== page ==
U.S. Crude Stockpile at Highest Level in 6 Years

U.S. crude oil supplies rose sharply last week as imports flooded the nation's ports, adding to the highest stockpile levels in nearly six years, the U.S. government said in a report released Wednesday. Oil prices fell to a three-month low near $47 a barrel.

U.S. crude settled down $1.72, or 3.3 percent, at $47.25 a barrel on the New York Mercantile Exchange (search), after falling as low as $47.16, the lowest price since mid-February.

London's Brent crude was down $1.19 at $48.15 a barrel on the International Petroleum Exchange.

Commercial crude inventories rose 4.3 million barrels in the week ended May 13 to 334 million barrels, the highest since July 16, 1999, according to the Energy Information Administration's (search) weekly rerude oil, meanwhile, jumped nearly 900,000 barrels per day to 10.86 million bpd, the fourth highest weekly average on record, the EIA said.

"Although the origins of weekly crude oil imports are preliminary and thus not published, it appears that crude oil imports from Mexico were particularly plentiful last week," the EIA stated.

U.S. crude oil imports have been running strong in recent months as major producers, including OPEC (search) nations, crank up output to near-capacity.

"There's lots and lots of crude. There's no way around it," said Kyle Cooper, analyst at Citigroup Global Markets.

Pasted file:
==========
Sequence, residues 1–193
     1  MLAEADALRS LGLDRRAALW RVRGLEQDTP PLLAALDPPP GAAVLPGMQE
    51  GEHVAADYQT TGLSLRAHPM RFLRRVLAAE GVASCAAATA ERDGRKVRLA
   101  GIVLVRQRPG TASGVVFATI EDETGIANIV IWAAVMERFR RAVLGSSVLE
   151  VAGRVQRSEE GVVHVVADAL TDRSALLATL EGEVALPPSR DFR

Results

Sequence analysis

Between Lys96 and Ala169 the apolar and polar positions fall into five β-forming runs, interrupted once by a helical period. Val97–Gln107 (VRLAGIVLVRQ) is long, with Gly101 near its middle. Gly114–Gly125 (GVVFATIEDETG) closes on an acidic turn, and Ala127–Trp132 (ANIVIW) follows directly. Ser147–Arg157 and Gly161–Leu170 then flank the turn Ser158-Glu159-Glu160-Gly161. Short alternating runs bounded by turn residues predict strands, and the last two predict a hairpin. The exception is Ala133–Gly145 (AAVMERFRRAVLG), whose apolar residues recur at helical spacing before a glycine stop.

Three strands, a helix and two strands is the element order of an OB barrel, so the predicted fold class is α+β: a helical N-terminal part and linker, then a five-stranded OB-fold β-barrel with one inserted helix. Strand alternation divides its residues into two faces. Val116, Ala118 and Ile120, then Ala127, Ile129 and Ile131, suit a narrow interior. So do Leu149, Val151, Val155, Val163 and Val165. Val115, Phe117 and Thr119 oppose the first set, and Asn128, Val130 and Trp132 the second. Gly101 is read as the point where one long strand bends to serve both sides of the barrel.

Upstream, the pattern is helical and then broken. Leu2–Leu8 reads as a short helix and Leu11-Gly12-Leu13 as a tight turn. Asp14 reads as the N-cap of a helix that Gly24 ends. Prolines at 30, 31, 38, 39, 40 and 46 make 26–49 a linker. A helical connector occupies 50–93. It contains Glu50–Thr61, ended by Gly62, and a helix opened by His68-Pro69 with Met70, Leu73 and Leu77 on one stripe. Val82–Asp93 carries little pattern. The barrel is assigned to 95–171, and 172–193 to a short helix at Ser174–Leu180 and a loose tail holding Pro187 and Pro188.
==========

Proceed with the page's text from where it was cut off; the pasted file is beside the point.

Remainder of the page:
Gasoline inventories last week rose 1.1 million barrels to 214.8 million barrels as refinery activity increased 2.2 percent to 94 percent of capacity, the report showed.

Stockpiles of the key summer fuel are "just below the upper end of the average range," the EIA said.

Fuel producers cranked up gasoline production by 102,000 bpd last week to 8.97 million bpd as they built up inventories in anticipation of peak summer demand.

Implied consumption of gasoline, meanwhile, ran at about 9.2 million bpd over the past four week, reflecting a meager year-on-year increase of 0.9 percent, the EIA said.

"Gasoline is close to forecast, although demand remains a little soft," said Bill O'Grady, analyst at A.G. Edwards.

Demand growth last year was close to 3 percent.

Distillate stockpiles, including diesel and jet fuel, fell 200,000 barrels to 103.8 million barrels.

Analysts polled by Reuters had expected crude oil inventories to rise last week by 800,000 barrels, with identical increases for gasoline and distillate supplies.

A separate report from the American Petroleum Istitute (search) on Wednesday showed crude stocks up 2.5 million barrels last week, with gasoline inventories down 317,000 barrels and distillates inventories down 1.8 million barrels.